“The Senate’s actions are as much a consternation to us as they are to you. But I think it’s important for all of us to remember that we all ultimately serve at the leisure of the Presidium, and they’re the stewards of what’s good for the Empire as a whole. Vice Commissary Seshathirlin is putting all his not insubstantial experience into resolving matters to everyone’s satisfaction.”
“I would like to know what is being done on our behalf to resolve this crisis.” Kalirit bet that he had assumed she would come out cagey and therefore would have devoted most of his planned responses to badgering her for information, which meant that the reason for this somewhat repetitive response was because he couldn’t imagine that she could be straight with him from the start.
“An audience with the Presidium is a desired outcome. But as I’m sure you understand with the crisis coalescing around turbulent Krevali, the Presidium’s time is in short supply, and our options with respect to that are quite limited.”
“For centuries since this governorship has been established it was understood that the moment the Krevali become a space-faring race they would be ushered into civilization by the Anthar Kai and their territory would be subsumed to the governorship.”
“The governorship would not be in a bad position to have access to the ample resources of Krevali,” Kalirit responded, making an effort to not herself get lost in the negatives and superlative adjectives of her tangled sentences. “On our end, productivity is not at all at a standstill. Preparations are underway to ensure that we’re not caught administratively flatfooted when we discover that Krevali has been brought into the fold and the situation is not unsalvageable, with the resources coming into your disposal.”
“I demand to know what is going to be done.”
“Discounting the significant efforts of Vice Commissary Seshathirlin, and the great burdens placed on my support personnel to resolve the potential rectification of this oversight, in absolute terms, nothing has been approved at the moment.”
Fainreshlin paused, his brow twitching every few seconds as the recording looped while the algorithm tried to process Kalirit’s response. Finally, the Governor spoke, “I will kindly remind you that our voting block was quite instrumental in extending your term as High Commissary and it would be in your best interest to ensure our vote does not change.”
It may have nearly fried her brain, but it worked – the major problem with dialogue trees was that through vagaries of language, you could trespass into branches without legitimately prompting them. Few attempted to do so with the same vigour as Kalirit, because success made the other look like a fool, but failure would have made you an even bigger one. Governor Fainreshlin must have really been feeling the heat if he was willing to so openly threaten the High Commissary of the Anthar Kai, but even if his estimation of his influence over his supposed voting block and its sway was erroneous, having his cards laid bare on the table ought to serve to subdue him.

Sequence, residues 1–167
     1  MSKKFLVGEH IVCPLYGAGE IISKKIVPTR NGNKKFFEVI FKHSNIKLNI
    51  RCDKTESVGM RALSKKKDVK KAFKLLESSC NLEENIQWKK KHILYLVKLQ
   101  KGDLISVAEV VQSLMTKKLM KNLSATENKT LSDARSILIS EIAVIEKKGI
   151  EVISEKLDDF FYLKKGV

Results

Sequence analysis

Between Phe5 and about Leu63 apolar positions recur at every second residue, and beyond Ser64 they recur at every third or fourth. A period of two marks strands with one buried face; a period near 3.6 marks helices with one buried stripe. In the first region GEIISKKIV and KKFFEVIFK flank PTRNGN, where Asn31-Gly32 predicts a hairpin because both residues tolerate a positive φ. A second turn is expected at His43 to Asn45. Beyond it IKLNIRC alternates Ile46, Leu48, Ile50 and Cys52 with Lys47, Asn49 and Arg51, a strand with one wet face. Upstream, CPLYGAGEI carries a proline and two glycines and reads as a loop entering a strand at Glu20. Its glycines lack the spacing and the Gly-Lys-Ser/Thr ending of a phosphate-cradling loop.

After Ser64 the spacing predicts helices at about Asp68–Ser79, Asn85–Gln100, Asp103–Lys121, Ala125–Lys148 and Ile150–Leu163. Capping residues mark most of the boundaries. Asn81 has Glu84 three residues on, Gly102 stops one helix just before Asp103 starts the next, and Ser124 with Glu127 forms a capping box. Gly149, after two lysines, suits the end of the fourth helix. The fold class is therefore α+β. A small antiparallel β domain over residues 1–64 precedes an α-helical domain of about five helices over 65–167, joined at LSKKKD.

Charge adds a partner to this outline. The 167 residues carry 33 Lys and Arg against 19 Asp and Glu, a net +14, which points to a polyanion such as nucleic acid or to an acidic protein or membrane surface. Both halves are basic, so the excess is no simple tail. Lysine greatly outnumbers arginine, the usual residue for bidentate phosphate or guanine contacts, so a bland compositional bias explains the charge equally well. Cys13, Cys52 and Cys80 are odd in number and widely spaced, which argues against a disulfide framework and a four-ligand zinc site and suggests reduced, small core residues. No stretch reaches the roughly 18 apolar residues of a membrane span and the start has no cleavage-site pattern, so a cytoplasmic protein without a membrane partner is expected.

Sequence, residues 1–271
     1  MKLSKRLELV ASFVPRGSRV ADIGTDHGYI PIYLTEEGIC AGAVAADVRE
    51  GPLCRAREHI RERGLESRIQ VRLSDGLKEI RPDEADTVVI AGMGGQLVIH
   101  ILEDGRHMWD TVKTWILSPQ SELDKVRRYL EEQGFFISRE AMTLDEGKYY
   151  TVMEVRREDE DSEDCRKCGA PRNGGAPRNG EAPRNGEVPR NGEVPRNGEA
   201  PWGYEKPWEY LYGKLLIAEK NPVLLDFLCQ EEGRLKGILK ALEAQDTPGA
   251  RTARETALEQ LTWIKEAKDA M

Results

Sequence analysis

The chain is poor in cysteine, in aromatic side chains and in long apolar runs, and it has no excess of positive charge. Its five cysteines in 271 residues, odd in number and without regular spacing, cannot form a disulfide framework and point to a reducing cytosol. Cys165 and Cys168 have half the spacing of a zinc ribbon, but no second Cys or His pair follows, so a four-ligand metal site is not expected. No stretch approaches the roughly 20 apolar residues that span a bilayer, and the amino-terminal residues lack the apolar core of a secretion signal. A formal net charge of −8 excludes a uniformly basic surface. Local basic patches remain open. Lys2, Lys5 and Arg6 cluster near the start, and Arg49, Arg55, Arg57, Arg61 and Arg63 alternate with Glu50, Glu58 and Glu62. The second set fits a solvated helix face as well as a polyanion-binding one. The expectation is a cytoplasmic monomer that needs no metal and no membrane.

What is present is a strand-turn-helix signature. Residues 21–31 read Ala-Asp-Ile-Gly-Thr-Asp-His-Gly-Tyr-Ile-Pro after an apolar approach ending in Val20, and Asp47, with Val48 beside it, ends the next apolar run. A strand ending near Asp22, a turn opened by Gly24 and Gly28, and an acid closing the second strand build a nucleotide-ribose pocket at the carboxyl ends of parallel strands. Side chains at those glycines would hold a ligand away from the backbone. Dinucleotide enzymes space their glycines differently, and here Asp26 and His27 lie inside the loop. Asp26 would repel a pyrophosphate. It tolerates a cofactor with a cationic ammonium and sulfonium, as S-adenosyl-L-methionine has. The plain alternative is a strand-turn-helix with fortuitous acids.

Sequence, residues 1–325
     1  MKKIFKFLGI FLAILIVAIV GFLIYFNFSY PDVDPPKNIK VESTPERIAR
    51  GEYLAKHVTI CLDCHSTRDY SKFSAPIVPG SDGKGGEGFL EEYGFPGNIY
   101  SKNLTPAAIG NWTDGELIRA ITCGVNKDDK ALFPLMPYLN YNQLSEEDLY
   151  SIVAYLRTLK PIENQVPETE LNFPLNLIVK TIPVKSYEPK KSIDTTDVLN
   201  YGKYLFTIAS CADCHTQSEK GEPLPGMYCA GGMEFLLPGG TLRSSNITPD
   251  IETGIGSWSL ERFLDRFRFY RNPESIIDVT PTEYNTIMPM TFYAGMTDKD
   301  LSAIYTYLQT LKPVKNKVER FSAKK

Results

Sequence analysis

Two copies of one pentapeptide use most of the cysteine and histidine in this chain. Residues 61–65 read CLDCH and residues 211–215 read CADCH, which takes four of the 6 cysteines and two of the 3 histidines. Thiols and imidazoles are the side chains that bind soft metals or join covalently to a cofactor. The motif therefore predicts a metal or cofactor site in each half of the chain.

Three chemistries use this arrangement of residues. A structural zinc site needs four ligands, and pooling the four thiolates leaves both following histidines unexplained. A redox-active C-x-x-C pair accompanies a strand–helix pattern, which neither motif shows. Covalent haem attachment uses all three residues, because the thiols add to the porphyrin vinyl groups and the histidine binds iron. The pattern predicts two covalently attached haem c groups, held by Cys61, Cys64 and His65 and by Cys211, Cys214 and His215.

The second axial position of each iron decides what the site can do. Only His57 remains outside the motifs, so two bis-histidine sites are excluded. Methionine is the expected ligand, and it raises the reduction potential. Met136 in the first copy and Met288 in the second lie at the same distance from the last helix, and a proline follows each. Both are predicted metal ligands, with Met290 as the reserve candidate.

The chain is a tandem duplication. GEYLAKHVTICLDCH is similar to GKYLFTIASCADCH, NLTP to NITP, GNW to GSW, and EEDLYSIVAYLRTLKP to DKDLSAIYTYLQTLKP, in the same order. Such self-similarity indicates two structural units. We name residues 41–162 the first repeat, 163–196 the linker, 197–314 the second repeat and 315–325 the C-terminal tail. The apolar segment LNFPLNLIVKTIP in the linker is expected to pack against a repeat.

With a faint smile, she responded, “I could exert my finest efforts to pretend that a conversation of this nature had never occurred, I’m sure that would suit you well.”
“That would be a start. But we expect an appearance by you in front of the Presidium to be most influential.”
“Of course, that is an option that can be considered. I could appear personally in front of the Presidium and inform them that there are some sovereignty concerns in the Chiartries governorship , that I’m sure could be resolved with an increased military presence and a reconsideration of the appointments at the highest levels of the governorship. They would be happy to hear it and I would be happy to deliver it.”
Fainreshlin’s face returned to the twitching loop, as Kalirit kept the rising emotion from her face. Did she push it too far walking into a rebuke, or would the recording spit out a response that would all but legitimize this conversation? Her anxiety had begun to morph into regret, a feeling that was a rare visitor in Kalirit’s mind, when Fainreshlin’s recording responded, “I am glad we are in agreement.”
Swallowing a sigh of relief, Kalirit could feel the throbbing recede from her forearms. Even if Fainreshlin thought that this was all put together to embarrass him, part of him would wonder how just how serious her threat was, which should keep him too preoccupied to make any lasting damage while the interstellar navies of a half-dozen species congealed around his territory.
Alright, real talk.
Never in my history of my writing have I felt burnout about writing in particular, and wanted to throw up my arms and just say “fuck it, I’m never going to make it”.
It’s not like anything particular happened, more like perfect storm of consecutive punches: the pandemic in general, the holidays coming up where lockdowns have basically took a giant dump on usual plans, the sleep deprivation of having a newborn, stress eating, not exercising due to lack of sleep and therefore not counterbalancing the stress eating, reading about writers having a “barely productive” year with six publication when I haven’t published squat in two years, having a spark of hope during #pitmad and finding out it’s essentially a self-publishing scam, failing to find an audience for my web serial after three months, blah blah blah sob story that most writers go through.
I’m jus tired. Tired of trying with absolutely no promise of success; of putting in hard work where the only fuel is hope and the only reward so far has been self-doubt. When does one ask themselves if they’re good enough? Almost constantly. When does one decide to answer the question in the negative?
Not now. Not yet anyway.